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any claims. That sincere and good man will reap his harvest close to the throne.

It was a great relief indeed to have this matter off our hands. Had the sentence been commuted this man would have been an everlasting source of trouble, as sooner or later he would have killed one or more men. Eleven men have paid the penalty upon these same gallows. Prince's hanging is the last in the state, for the gallows have been torn down to be replaced with the electric chair. Let us hope that nobody will ever sit in it.



Following the assassination of Mr. Davis a deputation of twenty-nine ministers of Lincoln called on Warden Delahunty and asked to inspect the prison. We never knew who had arranged this meeting, but we were satisfied that they were earnest and well-meaning men who were out there for the public welfare and to see if the place was really as black as it had been painted. The warden met them at the door and gave them a cordial reception. Chaplain Johnson did not know of their coming and appeared much surprised over it. The ministers were given a chance to see the entire prison and to inspect the food. They afterwards made several suggestions as to certain improvements in the prison but found nothing against the administration. They came like gentlemen and departed in peace.

But the little army of old women soul


savers were busier than ever and more underhanded work went on than ever before. A blow from the assassin's dagger had removed one of the obstacles from their path, but another one still remained, and he too ought to go that they again could hold high carnival at the prison.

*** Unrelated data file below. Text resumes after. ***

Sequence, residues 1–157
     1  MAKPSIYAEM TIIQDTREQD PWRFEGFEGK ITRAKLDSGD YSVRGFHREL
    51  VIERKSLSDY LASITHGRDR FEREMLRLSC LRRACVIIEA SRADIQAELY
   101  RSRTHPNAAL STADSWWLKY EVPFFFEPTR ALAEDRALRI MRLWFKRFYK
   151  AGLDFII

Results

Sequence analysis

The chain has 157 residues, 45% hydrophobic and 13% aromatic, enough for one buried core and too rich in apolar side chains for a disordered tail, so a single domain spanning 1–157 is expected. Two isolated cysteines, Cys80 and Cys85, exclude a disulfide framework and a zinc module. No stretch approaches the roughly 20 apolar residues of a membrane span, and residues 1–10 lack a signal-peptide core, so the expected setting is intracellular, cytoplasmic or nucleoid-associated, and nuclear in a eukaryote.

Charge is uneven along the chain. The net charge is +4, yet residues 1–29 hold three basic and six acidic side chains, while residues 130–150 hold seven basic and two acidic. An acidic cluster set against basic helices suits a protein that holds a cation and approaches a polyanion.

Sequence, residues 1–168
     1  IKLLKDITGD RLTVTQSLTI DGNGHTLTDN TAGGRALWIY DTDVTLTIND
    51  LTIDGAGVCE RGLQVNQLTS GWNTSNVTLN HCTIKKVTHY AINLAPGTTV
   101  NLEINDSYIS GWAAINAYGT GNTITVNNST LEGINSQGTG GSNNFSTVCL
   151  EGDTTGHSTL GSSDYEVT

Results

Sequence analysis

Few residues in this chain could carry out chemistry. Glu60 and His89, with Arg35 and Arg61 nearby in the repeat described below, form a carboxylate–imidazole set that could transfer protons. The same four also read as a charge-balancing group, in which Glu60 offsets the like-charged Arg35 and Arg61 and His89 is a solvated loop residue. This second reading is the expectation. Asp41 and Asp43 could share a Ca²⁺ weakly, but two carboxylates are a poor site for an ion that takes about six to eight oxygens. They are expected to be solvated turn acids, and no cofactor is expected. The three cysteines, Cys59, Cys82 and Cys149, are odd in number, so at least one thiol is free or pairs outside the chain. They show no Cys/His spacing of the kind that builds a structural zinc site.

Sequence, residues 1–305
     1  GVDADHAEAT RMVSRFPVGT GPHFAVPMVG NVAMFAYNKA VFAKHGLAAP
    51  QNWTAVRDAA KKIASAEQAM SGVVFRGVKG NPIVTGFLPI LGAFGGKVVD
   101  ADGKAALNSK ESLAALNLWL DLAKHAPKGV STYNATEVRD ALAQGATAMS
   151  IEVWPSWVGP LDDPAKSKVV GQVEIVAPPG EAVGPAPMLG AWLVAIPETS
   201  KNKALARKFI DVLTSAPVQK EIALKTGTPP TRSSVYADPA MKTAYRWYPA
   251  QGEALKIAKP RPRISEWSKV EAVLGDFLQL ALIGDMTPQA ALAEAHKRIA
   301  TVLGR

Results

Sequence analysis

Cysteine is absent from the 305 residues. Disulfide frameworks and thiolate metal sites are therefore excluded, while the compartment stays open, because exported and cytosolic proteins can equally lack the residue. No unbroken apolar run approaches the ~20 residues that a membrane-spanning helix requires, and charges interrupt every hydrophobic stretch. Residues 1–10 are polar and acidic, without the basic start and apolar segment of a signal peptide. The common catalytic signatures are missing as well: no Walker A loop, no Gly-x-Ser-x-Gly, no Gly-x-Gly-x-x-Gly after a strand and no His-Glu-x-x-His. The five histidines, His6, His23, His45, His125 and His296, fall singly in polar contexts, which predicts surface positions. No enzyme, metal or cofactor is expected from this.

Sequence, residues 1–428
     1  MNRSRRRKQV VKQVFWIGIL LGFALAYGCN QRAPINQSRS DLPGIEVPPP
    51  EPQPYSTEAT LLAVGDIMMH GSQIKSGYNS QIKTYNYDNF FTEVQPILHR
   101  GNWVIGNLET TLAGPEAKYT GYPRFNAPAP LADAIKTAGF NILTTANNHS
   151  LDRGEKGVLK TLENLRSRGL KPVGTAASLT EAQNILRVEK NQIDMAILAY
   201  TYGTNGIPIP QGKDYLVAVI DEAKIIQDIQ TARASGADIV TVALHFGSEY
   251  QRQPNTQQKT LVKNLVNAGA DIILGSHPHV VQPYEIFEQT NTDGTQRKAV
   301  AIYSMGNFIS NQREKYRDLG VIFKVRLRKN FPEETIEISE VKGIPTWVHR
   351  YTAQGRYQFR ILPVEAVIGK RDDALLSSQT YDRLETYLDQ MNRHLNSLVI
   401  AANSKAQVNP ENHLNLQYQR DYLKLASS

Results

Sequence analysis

I recall how Chaplain Johnson came to me one evening and made inquiry about the amount of money to the credit of the prisoners. I told him, that like in any other bank we did not reveal the balances of our depositors. "Well," he said, "it matters not so much to me what the individual has on deposit, what I want to know is general statistics. The story goes down on the streets of Lincoln that some men have so much on deposit while others have much more. We will classify these men and call those men who have one thousand dollars or over, Class A. And those with between five hundred and one thousand dollars Class B, etc. What I want to know is how many are in


Class B and so on." I refused to get him this information and suggested that he get it from the warden. He walked away. When the warden came into the office I told him about having refused the chaplain this information, and he said, "You were right. He is here to preach and not to meddle with the accounts." A few days later the chaplain called on Governor Aldrich and complained against the warden. The visit terminated in the chaplain "resigning" his position at the invitation of the governor to do so. The warden was notified, and soon the chaplain came to the prison, went to his room, gathered up his belongings and departed. No tears were shed over his departure - all felt relieved. We looked forward to days of peace and happiness.